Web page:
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March 18, 2006 | Start Stop
Starting, Stopping, and That Stuff in the Middle
Seems the human brain craves both adventure and comfort. We like to start new things, but almost everything needs to come to a conclusion, some kind of resting place. It's been the secret of great television soap operas for years; offer something invigorating and interesting, but occasionally (and systematicially) bring resolution to the dramatic conflict.
Music is like this in a microcosmic way. Great art is always about tension and release. We crave phrases that start, build, and end. Endless note meandering wearies the listener; we need to enlist attention to this concept in our playing, especially when improvising. Think of the advantage wind instrumentalists and vocalists have when working with line. They are limited by breath, but at the same time gifted with the ability to build in the middle with support from the diaphragm. Dynamics can come so naturally.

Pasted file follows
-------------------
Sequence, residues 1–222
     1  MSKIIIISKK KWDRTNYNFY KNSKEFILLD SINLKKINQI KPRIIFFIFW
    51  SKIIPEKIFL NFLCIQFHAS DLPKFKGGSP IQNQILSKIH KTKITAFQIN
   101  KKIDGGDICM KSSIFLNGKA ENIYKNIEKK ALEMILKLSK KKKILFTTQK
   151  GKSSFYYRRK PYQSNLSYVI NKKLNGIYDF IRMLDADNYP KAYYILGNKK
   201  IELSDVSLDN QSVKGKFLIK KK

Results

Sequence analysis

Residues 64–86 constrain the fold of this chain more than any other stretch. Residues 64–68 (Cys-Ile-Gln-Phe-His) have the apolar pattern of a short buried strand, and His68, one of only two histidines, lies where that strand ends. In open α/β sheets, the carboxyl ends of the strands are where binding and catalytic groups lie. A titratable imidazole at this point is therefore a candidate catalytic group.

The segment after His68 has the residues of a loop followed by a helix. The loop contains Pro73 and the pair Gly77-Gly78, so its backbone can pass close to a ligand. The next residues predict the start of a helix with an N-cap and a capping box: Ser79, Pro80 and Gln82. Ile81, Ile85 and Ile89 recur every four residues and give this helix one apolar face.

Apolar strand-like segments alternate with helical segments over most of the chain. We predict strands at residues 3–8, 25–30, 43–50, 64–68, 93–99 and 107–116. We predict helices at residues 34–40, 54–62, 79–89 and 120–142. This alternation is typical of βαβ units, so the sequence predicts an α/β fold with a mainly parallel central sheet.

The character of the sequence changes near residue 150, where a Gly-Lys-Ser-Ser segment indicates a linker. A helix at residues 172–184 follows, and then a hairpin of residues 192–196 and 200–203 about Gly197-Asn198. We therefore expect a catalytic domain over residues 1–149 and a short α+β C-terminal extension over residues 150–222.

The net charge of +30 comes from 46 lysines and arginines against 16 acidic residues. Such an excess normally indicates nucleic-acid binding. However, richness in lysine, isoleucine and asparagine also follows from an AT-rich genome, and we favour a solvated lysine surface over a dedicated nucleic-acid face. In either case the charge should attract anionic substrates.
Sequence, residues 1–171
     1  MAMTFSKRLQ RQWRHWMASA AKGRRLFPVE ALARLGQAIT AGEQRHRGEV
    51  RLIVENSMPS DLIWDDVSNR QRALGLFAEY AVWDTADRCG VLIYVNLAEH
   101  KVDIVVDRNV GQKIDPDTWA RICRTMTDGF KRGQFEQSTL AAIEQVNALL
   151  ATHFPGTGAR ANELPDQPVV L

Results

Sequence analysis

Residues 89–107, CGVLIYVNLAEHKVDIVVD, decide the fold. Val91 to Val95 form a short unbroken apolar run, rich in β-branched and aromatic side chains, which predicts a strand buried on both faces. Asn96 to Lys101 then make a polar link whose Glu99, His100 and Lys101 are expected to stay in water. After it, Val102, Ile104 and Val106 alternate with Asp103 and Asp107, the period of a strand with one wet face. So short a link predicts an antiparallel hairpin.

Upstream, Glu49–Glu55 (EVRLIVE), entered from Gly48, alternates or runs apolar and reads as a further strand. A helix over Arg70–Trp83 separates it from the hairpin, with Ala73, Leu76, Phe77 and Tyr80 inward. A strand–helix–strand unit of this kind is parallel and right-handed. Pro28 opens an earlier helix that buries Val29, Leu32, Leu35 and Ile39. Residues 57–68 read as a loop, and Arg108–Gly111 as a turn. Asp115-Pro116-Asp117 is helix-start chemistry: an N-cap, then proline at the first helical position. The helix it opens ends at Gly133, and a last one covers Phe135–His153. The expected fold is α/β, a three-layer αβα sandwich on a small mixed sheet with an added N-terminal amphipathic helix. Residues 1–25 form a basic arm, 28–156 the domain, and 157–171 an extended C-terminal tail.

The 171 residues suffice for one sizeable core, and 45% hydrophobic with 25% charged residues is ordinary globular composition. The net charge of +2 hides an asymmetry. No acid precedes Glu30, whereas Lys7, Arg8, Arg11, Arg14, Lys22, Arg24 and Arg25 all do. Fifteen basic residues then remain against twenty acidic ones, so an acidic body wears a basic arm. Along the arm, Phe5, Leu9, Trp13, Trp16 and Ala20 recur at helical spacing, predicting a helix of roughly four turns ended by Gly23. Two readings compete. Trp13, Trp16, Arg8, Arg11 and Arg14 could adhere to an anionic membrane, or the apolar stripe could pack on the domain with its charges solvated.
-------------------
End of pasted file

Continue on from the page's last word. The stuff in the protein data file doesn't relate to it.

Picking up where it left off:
Plectrum instruments don't fare as well. We pluck a note, and though a good instrument offers sustain, outside of a tremolo, we have no way to build the note, once it's been started. This means we must exponentially increase our awareness of good phrasing when we play, if we want to build a line. It also means that without the limitation of breath, we can carry on picking until the cows come home.
That's not good.
We've got more to say abut this in our "Blowing Through the Phrase" page. Something a good mandolinist ought to ponder.
Posted by Ted at March 18, 2006 5:45 PM
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